New York

Marco Gastini

John Weber Gallery

I know nothing about Marco Gastini. I did not ask anything about him. I have never seen any of his other work, and I have never read anything about him. So there, in the empty gallery, I had nothing to fall back on. I could be a naif. I prepared myself to be “uninitiated,” and operated under those conditions.

The show consisted of a large number of different-sized, but rather smallish canvases. These were arranged at random, as far as I could tell, although there was a vague crosslike arrangement on one of the walls. Each wall was covered from top to bottom, although not necessarily side to side from top to bottom. Whether they went together as one room, or as separate walls, was absolutely not clear (and maybe not important). Anyhow, on some, but not all, of the canvases were lines. On some, but not all, of the canvases with lines, there were short, horizontal shaky lines, none covering the whole area of any one canvas. On some, but not all, of the canvases with shaky horizontal lines, there were tentative, black, angular lines, which resisted either horizontal or vertical orientation. Some, but not all, of these black lines were broken.

Now, I have described Gastini’s work so that it would appear there was quite a variety of things to see, when in fact there was not. That is using Gastini’s ploy, since he leads the viewer to expect a lot by covering so large an area with these canvases. For such small, tentative marks, the viewer may ask, why the grandiose presentation?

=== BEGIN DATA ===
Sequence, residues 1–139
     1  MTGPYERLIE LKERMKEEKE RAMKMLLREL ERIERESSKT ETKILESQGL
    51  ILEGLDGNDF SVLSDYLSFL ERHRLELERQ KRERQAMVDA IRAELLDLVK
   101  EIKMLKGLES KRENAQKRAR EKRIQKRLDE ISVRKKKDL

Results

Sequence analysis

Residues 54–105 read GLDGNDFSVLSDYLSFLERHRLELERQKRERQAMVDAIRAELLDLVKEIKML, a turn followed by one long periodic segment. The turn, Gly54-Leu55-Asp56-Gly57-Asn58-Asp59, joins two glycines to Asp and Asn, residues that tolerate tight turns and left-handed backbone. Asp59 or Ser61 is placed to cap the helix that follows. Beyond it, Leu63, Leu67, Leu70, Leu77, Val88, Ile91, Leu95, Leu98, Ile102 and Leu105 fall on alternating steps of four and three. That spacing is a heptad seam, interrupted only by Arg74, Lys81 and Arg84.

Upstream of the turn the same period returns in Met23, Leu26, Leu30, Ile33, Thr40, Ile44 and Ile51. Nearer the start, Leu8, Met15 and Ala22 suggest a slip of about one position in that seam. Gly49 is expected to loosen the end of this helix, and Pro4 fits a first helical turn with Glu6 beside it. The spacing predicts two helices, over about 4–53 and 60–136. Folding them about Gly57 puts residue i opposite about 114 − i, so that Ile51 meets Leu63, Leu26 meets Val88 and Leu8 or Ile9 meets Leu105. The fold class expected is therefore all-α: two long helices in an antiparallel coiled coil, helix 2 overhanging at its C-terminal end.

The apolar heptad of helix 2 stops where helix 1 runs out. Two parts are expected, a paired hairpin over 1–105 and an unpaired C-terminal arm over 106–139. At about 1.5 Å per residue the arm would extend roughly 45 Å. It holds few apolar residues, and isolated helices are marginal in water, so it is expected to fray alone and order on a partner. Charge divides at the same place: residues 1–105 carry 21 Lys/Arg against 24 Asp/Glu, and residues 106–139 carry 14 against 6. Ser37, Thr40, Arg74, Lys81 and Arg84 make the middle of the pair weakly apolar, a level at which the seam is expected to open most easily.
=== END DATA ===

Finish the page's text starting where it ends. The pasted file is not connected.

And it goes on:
It seems almost ridiculous to compare Cavallon and Gastini, but the same question arises with both: what does their art mean? Such a question seems typical of the naive viewer. Cavallon gives us an experience of light. Gastini gives us the handmade line. Still, what does it mean? We have learned not to ask the question of modern art; we are told to “experience.” So we could, as viewers, approach the art in the Minimalist fashion, as being just what it is, subject to our likes or dislikes, just another experience in the world of phenomena. But does the viewer have something to get from such an experience? Or, more pointedly, does the art have anything to offer? Cavallon is more obviously involved in “expression”: his “self” expression. We can then quite validly say that we either like or dislike his “self.” But nowadays, we would be hard put to say that Gastini is involved with such a “romantic” notion. And if his art is not about himself, what is it about? Something outside himself?

But I am not the naif. Gastini uses the prop of preconditioning; he does not bother to engage me on some bodily, physical level as Cavallon does. I am denied even that. He subverts both what can be experienced as new by demanding indoctrination and what can be confirmed as authentic by contextual intentionality. What is the viewer’s point of access? Gastini’s paintings’ intentions remain dormant but, worse, they do not suggest or extend a mode of entry. So it is in that that we fail to discern their meaning.

Jeff Perrone